Thursday, August 14, 2014

Why Being a PEAK Teacher Mattered to Me

Over the past four or five years, I've been feeling beat up as a teacher. If I watch almost any news station, I find teachers blasted for not teaching enough, well enough, being unprofessional, lazy, and uncaring. Not just particular "bad" teachers, but teachers. Read the comments on any news story about a teacher; whether or not the story is positive or negative, the comments will be filled with angry people explaining why teachers are worthless.

It shouldn't hurt me. But, like the trolling it is, it does hurt.

I put in crazy hours to be a decent teacher (want to know how many? One year I counted). I don't know any teacher who doesn't. We teach our normal hours, then we grade and plan and create materials as a minimum requirement when teaching. Many of us also attend training, participate in local, state, and national leadership, and take on additional tasks and hours when asked.

This is where PEAK comes in. In my district for several years there has been an award called the PEAK (Professionalism/Experience/Achievement/Knowledge) award; it was created to recognize all the teachers who put in extra hours and time to make education better for their students and their colleagues. Teacher of the Year awards are wonderful, but they can only recognize one teacher each year. The PEAK award recognizes everyone who has put in significant time outside of planning and grading and teaching. It rewards activity within professional organizations and time put into professional development and seeking additional knowledge.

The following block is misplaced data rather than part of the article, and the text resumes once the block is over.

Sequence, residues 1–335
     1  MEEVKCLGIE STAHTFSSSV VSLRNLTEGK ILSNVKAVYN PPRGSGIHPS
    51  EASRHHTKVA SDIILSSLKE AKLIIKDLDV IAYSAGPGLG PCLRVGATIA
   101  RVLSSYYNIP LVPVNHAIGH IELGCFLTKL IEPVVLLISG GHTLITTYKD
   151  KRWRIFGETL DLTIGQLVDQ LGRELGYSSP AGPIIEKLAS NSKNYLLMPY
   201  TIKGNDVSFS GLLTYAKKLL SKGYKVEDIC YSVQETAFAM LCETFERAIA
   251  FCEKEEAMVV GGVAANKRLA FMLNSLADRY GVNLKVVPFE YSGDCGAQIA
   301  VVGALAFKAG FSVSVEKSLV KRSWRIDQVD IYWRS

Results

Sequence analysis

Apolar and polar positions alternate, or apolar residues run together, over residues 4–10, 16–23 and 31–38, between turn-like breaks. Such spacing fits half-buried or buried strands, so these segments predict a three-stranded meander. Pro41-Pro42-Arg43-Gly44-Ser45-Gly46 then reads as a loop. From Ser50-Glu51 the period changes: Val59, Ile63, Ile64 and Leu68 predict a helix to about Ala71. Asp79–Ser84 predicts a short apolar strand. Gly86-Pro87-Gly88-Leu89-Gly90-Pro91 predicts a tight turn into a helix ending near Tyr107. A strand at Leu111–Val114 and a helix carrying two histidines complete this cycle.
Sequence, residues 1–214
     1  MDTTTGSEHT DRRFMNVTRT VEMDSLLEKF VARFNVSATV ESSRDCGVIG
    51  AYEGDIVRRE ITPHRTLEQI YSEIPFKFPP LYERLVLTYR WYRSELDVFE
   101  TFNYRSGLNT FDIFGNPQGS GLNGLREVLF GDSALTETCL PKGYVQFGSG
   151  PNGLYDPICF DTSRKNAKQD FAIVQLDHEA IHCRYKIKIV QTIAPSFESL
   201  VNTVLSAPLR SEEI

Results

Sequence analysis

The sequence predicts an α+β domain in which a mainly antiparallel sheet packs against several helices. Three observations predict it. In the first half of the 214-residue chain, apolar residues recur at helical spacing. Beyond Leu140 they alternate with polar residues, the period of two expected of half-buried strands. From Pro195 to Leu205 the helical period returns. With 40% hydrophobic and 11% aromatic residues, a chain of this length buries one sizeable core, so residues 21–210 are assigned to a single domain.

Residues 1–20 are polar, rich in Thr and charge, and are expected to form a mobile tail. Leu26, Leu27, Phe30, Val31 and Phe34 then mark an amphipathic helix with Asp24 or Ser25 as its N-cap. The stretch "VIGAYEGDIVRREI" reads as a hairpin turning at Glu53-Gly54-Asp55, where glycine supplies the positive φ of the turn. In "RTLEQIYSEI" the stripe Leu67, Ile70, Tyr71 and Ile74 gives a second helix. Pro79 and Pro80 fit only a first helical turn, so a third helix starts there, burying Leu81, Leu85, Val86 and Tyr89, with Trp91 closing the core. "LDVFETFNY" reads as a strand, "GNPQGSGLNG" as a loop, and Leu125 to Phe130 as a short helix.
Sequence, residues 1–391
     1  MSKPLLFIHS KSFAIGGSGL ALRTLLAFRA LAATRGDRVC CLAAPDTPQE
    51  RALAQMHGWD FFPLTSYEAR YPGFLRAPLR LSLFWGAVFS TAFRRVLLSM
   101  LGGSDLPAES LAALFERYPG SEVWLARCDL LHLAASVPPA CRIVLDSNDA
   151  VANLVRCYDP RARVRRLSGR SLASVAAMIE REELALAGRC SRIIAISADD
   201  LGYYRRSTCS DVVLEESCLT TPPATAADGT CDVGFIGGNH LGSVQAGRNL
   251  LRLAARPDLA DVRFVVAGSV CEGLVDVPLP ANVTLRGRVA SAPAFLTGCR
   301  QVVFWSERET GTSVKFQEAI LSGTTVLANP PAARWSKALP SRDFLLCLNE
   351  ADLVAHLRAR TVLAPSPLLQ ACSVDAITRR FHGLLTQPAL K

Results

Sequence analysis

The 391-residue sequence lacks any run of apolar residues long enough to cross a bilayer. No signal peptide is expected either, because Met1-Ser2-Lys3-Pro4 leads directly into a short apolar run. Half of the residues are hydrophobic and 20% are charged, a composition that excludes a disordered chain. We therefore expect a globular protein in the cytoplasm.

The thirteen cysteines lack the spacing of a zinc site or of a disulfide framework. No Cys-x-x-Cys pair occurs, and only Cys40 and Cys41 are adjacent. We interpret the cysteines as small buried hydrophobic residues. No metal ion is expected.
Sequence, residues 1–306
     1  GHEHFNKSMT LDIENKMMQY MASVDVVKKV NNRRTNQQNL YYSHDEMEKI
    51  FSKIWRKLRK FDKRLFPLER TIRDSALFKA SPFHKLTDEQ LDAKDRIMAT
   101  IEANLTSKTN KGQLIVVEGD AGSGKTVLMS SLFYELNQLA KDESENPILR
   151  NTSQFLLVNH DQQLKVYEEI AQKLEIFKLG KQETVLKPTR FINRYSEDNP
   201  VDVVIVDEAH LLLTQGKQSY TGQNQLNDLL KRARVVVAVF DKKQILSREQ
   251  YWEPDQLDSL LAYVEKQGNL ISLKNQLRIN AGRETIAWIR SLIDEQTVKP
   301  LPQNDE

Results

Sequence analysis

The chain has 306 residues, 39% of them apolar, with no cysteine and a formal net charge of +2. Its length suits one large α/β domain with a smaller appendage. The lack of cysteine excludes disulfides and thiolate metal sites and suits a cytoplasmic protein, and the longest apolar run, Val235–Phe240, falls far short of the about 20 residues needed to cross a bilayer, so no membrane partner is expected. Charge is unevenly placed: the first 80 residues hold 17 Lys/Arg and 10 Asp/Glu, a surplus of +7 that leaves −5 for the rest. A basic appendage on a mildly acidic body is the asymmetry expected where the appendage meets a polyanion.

When our district language coordinator resigned a couple of years ago, I worried that we'd lose this award. I didn't want to lose the only recognition we currently get for the extra time and extra energy and extra self that we put into our profession.

So, after giving him about half a month to settle in, I started pestering our new language coordinator almost as soon as the new school year began. I like him a lot; he always communicates openly and works hard to make sure language in our district is protected and promoted. And he not only put up with my pestering, he welcomed me to explain the award and to meet with him to help him update and perfect it.

And why did this matter so much? One of my colleagues asked me this. After all, the award was just for anyone who put in the time to earn it.

That's exactly why it mattered. Everyone who spent hours attending workshops to be better teachers; everyone who is continuing his or her education, everyone who blogs, leads presentations, mentors other teachers, publishes in journals, takes students to events on the weekends, all of those who give innumerable hours outside of their allotted duties simply to make teaching better for everyone concerned--all of those people get this award. It mattered to me that this award exists. I think it should exist everywhere.

I think everyone should ask for this kind of recognition, and be proud of it.